The Forward, with its staunch Socialist affiliations, had been a vocal supporter of suffrage from its early days. On Nov. 7, 1917, while reporting on New York’s approval of an amendment giving women the vote — “Brava! Brilliant Victory For Women’s Rights!” read the front page’s banner headline — the paper couldn’t resist a pat on its own back.
“Out of all the parties, the Socialist Party is the only one that worked very hard in favor of the amendment for women’s rights,” it said. It was the rare spark of character in a report that focused primarily on the number of voters who turned out to support the amendment in various counties, an irresistible celebration of a win not just for women, but for the radically liberal politics of the paper in that era.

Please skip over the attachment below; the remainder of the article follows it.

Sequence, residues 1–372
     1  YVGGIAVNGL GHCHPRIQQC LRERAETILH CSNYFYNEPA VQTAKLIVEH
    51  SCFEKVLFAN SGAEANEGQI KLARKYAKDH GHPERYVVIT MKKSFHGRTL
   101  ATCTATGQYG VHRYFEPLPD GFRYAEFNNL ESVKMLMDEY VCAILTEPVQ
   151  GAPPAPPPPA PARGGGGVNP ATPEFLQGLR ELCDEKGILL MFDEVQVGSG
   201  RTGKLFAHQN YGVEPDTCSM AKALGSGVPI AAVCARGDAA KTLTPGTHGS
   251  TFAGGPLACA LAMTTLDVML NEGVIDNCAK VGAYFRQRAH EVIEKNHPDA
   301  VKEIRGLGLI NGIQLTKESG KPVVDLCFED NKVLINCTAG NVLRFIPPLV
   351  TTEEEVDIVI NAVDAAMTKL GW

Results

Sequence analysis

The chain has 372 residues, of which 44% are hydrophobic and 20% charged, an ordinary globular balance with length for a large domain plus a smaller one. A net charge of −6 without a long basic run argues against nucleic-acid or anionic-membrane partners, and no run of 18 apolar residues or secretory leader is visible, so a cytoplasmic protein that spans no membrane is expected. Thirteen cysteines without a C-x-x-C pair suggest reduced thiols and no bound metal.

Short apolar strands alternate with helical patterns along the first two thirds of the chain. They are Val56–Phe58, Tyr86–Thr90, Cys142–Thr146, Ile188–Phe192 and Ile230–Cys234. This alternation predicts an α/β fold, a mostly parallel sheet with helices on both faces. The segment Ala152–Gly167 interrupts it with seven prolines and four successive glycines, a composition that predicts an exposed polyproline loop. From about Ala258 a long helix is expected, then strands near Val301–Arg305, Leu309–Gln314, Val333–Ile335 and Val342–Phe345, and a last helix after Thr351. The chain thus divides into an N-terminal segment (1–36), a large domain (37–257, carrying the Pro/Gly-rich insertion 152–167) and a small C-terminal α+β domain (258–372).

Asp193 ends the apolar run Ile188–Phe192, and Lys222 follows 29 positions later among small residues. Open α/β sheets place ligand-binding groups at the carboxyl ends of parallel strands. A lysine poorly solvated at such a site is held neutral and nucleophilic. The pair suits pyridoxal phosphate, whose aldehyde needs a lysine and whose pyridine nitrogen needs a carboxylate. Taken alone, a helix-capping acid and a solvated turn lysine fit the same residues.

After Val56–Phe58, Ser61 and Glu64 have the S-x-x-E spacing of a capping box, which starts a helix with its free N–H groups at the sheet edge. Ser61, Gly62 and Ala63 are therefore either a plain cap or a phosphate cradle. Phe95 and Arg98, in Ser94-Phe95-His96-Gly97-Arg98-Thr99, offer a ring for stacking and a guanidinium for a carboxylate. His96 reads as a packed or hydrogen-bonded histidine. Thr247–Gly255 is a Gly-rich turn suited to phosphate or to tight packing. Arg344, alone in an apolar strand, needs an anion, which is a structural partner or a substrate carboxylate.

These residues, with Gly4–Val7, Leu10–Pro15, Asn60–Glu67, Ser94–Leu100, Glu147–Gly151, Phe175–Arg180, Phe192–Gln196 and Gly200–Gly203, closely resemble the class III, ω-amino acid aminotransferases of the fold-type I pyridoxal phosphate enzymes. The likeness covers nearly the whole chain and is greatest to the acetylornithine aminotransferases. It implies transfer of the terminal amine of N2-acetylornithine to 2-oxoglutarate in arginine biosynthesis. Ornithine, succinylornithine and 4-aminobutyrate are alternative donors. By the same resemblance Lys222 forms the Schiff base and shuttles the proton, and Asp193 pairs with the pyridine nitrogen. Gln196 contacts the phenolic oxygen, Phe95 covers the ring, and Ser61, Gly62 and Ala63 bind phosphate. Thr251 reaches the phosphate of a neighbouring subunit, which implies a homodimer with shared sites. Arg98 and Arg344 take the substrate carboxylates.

The Forward continued to celebrate the advances made by women, however slow they might be. On Aug.19, 1920, the day after Tennessee became the 36th state to ratify the 19th Amendment, the front page was most preoccupied with the ongoing violence of the Polish-Soviet war, which put the lives of hundreds of thousands of Eastern European Jews in jeopardy.
But while the top headline read “PEACE NEGOTIATIONS IN MINSK WHILE BATTLE RAGES ON IN WARSAW,” the second-most prominent story was “WOMEN’S RIGHT TO VOTE VICTORIOUS IN AMERICA.”
That day’s edition betrayed an unmanageable swell of news not unlike the 24/7 reporting cycle of our pandemic era: Beyond the foreign conflict, the paper was concerned with the imminent deportation of 11 “radicals,” a set of political primaries unacceptably scheduled for the same day as Rosh Hashanah, and rumors of a pogrom in the far-off town of Parczew.